Doing so should not be an ordeal, but rather a way to help players to maximise their potential as drivers.
It can seem daunting to take the plunge and run without all of the assists enabled, but with this guide you’ll feel confident enough to take that first step.
What is ABS?
ABS, or the Anti-lock Braking System, is a tool which prevents the tyres on a car from ‘locking up’ under heavy duress. When a tyre locks up it ceases to rotate, reducing its effectiveness severely for the duration of the lockup.
HARD MORE: Anti-Lock Brakes can be disabled in the assists menu
On top of this, locking up causes tyres to heat up and wear out, leaving them less useful for the remainder of their life.
While ABS is therefore a very useful tool, getting your braking just right is a real skill. The satisfaction of getting your car slowed down perfectly is immense, and disabling ABS leads to a more realistic experience.
Managing your braking
If you’re running without ABS enabled, you’ll need to take a lot of care when applying the brakes.
The most important thing to do is to slowly ease off the brakes as you approach the corner, having started the braking zone with maximum brakes applied.
The reason that this is so important is that you will want to be off the brakes by the time you turn in to the corner. If you don't, you will lock up.
OVER THE LIMIT: Tyre smoke is a sure sign of a front lockup
Getting your braking spots is essential as well. Braking too late will mean that you can’t ease off the brakes before reaching the corner, forcing you to lock up.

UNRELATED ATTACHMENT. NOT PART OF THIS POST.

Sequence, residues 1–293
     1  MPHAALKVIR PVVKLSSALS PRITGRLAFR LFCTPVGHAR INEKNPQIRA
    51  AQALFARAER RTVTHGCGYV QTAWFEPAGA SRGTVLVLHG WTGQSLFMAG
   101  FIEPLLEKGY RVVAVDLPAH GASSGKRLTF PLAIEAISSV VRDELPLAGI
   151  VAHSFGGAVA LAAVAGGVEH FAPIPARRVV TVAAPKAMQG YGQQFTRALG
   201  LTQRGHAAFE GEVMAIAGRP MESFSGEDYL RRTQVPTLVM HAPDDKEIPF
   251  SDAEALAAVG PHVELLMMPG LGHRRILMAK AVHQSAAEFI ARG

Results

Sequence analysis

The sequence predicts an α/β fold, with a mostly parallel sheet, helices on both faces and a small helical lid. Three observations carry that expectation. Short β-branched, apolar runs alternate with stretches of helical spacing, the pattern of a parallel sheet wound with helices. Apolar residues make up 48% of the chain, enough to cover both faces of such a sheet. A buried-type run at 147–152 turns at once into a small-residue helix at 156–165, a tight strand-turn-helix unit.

If you’re using the dynamic racing line, this should come relatively easily. If you aren’t, learning where to brake and using the brake marker boards as a reference is the key to success.
Think of it like this: your tyres can only handle so much. If you’re asking them to use 100% of their capacity for braking, you won’t be able to use them to turn. Don’t expect to be able to turn the car while you are hard on the brakes, as the tyres simply can’t handle it.
Finding your setup
Another way to help you to avoid locking your tyres is to adjust your brake setup. Even if you don’t usually change your setups, the brake settings are relatively simple.
TINKERER: Tweaking your brake settings can help you to find time on track
If you’re finding yourself locking up a lot, you can try reducing your brake pressure setting. This will mean that pushing the brake pedal the same amount will result in less brake power being applied to the car.
Alternatively, you can try shifting your brake balance rearward. I personally always run at 50% brake bias. This helps to prevent locking up the front tyres, which is far easier to do than locking the rears.
Ultimately, it’s important to find the settings that suit you, so play around with them.
If you prefer a setup which is heavier on the front brakes, run a higher brake balance. If you’re finding that you can handle 80% brake pressure no problem, try raising it.
With a combination of careful, precise driving and a suitable setup, you’ll find that turning off ABS is nowhere near as hard as you might have feared.